Junking Not in the Philippines: Making Furniture From Plastic

To stop the island nation from continuing to add plastic to the oceans, Wilhelmina Garcia finally found something people actually want

Chair named Anak ng Tupa ("Son of a Sheep") was made of 15 kilos of plastic and was dedicated to all sheep that died from plastic waste.
JunkNot Eco Creatives

The global problem of plastic waste has reached crisis proportions. Recent studies reveal that approximately 8 million tons of plastic are dumped into the world’s oceans every year, destroying marine biodiversity and causing significant environmental and economic damage across the globe.

The Philippines is at the center of the problem. The nonprofit organization Ocean Conservancy revealed in a report last April that the Southeast Asian nation is among the top contributors of plastics dumped into the world’s oceans.

Along with China, Indonesia, Thailand and Vietnam, the five countries account for 55 to 60 percent of the total plastic waste that finds its way into oceans every year. That’s more than the rest of the world combined.

According to Ocean Conservancy, the Philippines produces 2.7 million tons of plastic waste every year. Half a million tons ends up in the Pacific Ocean. This has impelled activists such as interior designer Wilhelmina Garcia to look for creative solutions to lessen the impact of plastic waste on the environment.

Born into a family of environmental advocates in Manila, Garcia has long been active in conducting clean-up activities and community projects to teach locals how to properly manage waste. As an interior designer, she has also been at the forefront of upcycling, or using discarded materials such as glass bottles and paper to produce furniture for her projects. She founded JunkNot Eco Creatives, a social enterprise that initially focused on producing bags and other accessories from plastic waste, in 2011. She conducted training activities for communities, teaching them how to make these products.

While the idea sounded perfectly viable, Garcia says it often didn’t work.

Many would not apply the skills that we taught them. Some would, but they would eventually give up,” she says. “Not everyone has the patience and the tools to produce bags. There is also a limited market for such products,” she adds.

The experience was frustrating. For years, she tried different ways to address the growing plastic waste problem.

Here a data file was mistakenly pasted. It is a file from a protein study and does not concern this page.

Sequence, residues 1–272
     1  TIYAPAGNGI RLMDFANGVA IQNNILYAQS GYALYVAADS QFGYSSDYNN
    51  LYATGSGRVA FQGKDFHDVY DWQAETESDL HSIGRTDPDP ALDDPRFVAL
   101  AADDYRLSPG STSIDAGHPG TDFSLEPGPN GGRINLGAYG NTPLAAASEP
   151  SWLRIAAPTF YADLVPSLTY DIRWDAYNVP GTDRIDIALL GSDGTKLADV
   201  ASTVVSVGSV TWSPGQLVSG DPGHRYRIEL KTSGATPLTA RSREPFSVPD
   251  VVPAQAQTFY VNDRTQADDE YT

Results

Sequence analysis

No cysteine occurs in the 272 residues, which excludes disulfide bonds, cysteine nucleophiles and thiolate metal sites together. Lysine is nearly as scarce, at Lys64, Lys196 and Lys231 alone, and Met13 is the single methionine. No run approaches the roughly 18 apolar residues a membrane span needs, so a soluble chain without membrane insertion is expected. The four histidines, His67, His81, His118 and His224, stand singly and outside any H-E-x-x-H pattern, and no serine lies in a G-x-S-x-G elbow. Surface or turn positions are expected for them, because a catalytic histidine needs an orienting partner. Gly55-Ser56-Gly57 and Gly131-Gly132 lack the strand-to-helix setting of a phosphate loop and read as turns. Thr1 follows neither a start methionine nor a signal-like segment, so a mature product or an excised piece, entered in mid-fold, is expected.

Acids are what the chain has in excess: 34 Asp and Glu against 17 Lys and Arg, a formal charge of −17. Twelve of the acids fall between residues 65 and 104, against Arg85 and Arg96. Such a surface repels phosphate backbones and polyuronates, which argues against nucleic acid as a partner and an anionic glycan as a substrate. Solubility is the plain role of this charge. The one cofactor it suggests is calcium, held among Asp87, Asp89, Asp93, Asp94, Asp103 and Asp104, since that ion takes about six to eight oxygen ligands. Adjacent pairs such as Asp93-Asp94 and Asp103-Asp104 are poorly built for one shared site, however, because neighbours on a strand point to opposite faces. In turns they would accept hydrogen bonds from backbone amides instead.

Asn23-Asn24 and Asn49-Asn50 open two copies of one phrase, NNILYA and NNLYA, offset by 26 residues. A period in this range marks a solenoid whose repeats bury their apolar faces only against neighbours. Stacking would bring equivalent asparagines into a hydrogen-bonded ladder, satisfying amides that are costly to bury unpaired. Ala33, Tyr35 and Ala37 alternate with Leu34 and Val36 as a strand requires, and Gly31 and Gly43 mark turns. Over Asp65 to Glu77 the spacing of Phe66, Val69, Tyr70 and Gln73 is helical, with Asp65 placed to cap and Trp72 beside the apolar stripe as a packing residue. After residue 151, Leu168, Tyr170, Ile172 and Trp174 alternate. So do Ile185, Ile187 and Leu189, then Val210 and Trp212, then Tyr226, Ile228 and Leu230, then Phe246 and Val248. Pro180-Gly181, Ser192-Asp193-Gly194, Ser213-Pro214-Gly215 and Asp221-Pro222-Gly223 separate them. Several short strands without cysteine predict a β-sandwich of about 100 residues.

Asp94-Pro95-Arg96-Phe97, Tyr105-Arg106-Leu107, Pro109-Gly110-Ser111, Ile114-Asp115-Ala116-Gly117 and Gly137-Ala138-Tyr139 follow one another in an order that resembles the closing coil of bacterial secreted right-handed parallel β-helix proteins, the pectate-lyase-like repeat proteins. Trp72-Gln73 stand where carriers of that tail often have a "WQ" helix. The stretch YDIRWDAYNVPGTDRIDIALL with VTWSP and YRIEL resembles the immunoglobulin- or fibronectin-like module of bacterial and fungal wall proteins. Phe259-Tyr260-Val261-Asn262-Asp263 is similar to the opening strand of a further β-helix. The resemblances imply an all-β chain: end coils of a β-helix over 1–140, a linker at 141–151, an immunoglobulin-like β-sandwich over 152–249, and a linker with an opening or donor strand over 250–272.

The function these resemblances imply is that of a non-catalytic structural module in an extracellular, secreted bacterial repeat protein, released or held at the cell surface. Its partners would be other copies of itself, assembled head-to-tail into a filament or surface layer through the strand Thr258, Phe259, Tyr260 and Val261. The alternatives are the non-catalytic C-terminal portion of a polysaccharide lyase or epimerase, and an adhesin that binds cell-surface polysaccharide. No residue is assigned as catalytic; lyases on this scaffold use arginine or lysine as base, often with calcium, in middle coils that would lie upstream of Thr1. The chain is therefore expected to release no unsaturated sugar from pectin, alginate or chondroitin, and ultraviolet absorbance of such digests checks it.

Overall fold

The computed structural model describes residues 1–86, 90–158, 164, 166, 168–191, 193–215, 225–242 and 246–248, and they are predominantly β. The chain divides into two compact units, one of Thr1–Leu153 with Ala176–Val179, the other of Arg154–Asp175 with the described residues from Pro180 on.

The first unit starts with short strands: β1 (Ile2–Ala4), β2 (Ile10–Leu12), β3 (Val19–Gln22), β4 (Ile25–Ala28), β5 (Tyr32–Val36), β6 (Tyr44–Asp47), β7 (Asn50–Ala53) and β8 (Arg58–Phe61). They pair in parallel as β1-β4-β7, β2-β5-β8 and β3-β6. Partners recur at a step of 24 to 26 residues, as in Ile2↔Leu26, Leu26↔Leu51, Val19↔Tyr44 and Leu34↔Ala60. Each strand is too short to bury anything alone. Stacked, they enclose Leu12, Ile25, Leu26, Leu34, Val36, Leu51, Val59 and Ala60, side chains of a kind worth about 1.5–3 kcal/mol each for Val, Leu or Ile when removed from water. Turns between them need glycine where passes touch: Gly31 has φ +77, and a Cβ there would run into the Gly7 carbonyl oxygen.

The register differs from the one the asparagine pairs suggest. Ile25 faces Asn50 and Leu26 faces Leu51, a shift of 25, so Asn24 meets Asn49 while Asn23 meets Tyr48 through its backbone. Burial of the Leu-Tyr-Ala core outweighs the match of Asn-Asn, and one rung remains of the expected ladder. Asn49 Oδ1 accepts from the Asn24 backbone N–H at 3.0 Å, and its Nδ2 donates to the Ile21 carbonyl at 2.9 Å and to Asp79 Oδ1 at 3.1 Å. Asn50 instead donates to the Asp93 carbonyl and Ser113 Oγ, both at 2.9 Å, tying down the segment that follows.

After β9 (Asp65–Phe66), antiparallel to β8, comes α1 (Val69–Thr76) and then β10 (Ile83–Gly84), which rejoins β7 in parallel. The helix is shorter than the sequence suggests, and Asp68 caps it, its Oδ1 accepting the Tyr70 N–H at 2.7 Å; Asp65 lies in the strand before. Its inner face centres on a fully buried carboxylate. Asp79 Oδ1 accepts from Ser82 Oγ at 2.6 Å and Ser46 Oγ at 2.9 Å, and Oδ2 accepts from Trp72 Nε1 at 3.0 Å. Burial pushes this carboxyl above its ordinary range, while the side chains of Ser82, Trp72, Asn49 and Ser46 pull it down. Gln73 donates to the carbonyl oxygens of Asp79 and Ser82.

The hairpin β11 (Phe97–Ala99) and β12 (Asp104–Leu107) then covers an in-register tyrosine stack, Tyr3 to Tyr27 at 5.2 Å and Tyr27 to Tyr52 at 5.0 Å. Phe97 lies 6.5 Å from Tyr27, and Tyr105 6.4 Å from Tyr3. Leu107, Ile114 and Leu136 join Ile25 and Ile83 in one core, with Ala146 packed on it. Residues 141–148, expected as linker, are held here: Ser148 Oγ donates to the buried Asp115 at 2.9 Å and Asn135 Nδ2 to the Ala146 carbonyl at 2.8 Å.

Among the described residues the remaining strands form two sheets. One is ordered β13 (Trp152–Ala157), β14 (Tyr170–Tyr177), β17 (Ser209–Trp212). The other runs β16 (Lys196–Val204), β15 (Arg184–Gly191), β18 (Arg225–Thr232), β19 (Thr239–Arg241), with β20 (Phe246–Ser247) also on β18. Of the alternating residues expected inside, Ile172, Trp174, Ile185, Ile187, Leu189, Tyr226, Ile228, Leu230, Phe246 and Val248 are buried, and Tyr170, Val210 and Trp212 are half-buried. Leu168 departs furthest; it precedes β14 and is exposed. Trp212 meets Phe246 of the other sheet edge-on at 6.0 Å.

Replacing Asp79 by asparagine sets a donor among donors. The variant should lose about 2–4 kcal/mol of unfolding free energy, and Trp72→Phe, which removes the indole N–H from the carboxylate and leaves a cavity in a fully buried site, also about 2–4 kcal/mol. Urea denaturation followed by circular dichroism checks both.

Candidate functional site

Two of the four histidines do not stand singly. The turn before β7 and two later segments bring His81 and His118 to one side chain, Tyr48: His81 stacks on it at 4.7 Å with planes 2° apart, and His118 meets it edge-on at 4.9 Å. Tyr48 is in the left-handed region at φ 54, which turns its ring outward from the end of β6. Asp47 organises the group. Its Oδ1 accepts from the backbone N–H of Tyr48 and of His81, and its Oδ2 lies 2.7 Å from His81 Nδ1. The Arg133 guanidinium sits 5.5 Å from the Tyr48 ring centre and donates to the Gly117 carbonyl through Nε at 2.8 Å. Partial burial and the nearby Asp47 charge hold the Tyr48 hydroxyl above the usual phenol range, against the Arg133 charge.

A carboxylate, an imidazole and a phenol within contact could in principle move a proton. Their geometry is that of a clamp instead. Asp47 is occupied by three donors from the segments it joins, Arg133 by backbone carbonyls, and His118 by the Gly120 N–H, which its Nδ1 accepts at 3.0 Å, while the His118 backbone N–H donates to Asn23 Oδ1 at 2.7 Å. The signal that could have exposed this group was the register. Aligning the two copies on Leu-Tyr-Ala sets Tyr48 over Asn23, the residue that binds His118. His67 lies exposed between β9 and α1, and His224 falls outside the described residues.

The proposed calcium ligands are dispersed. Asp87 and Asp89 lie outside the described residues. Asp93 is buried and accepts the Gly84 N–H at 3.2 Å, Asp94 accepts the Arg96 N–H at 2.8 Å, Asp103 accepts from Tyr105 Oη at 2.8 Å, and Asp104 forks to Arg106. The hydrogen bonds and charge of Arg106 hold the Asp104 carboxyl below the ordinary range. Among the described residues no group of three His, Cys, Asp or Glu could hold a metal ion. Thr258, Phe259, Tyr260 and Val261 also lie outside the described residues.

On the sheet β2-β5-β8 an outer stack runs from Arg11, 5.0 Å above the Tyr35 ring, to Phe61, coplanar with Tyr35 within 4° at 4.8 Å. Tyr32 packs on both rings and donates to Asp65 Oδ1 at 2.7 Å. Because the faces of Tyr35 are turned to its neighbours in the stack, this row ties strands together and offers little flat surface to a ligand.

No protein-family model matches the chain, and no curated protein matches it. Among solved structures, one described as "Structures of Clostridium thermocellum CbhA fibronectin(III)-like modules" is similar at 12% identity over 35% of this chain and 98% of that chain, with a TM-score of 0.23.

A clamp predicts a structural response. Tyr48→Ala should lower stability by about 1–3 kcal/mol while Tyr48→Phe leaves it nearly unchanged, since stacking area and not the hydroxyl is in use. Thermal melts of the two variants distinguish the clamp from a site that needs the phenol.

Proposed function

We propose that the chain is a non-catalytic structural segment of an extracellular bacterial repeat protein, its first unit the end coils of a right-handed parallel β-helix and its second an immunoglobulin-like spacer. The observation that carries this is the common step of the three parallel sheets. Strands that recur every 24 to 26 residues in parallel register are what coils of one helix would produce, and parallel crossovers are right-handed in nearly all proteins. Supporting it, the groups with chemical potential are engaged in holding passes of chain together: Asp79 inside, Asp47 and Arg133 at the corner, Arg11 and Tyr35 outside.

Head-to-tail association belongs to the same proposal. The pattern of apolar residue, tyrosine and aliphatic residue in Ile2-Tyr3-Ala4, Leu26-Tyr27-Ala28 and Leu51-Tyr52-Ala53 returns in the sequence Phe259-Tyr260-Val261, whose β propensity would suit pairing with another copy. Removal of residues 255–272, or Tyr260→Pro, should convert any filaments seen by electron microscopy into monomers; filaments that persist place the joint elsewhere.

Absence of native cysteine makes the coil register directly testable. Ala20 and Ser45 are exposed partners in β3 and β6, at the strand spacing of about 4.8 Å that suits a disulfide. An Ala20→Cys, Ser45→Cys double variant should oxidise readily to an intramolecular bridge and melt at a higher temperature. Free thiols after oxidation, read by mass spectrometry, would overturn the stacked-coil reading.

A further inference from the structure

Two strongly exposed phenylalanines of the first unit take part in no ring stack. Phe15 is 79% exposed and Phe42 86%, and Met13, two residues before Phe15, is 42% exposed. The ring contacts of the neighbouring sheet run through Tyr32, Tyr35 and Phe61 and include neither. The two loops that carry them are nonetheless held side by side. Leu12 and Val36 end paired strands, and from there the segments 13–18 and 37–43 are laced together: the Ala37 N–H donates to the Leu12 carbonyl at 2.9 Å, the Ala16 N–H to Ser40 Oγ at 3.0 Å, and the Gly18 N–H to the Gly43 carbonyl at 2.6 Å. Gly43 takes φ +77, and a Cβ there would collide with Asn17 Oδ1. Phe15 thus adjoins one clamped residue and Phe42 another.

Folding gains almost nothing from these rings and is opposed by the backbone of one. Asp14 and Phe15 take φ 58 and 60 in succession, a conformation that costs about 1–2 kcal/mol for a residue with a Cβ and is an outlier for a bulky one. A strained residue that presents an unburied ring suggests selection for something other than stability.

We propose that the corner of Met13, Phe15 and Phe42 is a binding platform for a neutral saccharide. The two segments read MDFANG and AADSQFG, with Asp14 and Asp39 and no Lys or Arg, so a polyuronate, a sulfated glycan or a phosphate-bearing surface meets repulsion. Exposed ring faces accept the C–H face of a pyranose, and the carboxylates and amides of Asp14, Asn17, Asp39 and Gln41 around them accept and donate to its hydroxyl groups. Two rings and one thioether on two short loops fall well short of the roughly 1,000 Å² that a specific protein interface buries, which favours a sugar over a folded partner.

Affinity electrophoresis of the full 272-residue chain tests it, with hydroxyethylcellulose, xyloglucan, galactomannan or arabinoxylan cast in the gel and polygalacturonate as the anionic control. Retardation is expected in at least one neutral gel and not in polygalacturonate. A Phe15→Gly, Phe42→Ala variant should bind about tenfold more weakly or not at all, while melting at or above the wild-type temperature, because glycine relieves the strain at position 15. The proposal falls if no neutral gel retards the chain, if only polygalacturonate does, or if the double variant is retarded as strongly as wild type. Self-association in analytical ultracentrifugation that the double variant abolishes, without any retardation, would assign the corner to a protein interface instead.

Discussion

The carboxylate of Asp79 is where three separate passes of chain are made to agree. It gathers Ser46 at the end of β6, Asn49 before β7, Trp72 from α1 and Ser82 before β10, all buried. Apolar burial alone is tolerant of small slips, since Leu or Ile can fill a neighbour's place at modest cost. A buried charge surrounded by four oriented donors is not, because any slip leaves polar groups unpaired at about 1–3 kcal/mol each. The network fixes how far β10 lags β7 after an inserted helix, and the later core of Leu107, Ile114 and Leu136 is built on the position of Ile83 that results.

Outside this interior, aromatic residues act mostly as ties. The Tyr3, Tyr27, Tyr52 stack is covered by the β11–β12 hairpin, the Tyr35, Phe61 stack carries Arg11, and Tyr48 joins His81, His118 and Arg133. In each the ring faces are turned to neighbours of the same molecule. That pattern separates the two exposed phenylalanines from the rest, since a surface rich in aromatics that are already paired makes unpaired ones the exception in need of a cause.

Making what people want

In 2013, she started what would become the centerpiece of JunkNot: turning plastic waste primarily that used in packaging goods – into rope that she could use as material for designer chairs and other furniture. It took a year, while she was on a study grant in Morocco, for her to perfect the process, which is done entirely by hand. "It was difficult. But finally I felt that I found a viable solution,” she says.

Fast forward to the present. JunkNot has established itself in the Philippines as an innovative enterprise that offers a creative solution to the plastic waste problem. Orders have started to come in, including from other countries where the furniture passed durability tests with flying colors.

JunkNot achieves more than just environmental advocacy, says Garcia. One of the enterprise’s goals is to support local communities.

In 2014, it partnered with the government to conduct train the people living in Alas-as Village, on the volcanic island of Taal, to make rope out of discarded plastic packaging, that can also be used to make furniture. The ropemakers earn a piece of the profit on every item of furniture that is sold.

I want to pay them well,” she says. “I know how difficult it is to make rope. In the end, it’s not just about the cost of production, but also about helping locals and the environment."

Thousands visit the popular tourist destination every year: plastic waste is a major problem for residents, says Bonifacio Pangilinan, a local tourism guide. Garcia’s initiative gave them fresh hope, he says: some people jumped at the opportunity to earn money while cleaning up their communities.

Among them was Pangilinan’s wife, Lorenza, who says the extra income enabled them to buy articles such as a solar panel for their home: there is no electricity on the island.

Now about 60 villagers make plastic rope. More importantly, Pangilinan says their village has significantly reduced the problem of plastic waste thanks to its collection  for the ropemakers.

Garcia admits that her initiative is far from solving the world’s plastic waste problem.  It has had positive results for Alas-as, but there are thousands of villages in the Philippines with a plastic waste problem. At the end of the day, says Garcia, there is only one viable solution for reducing plastic waste: use less plastic.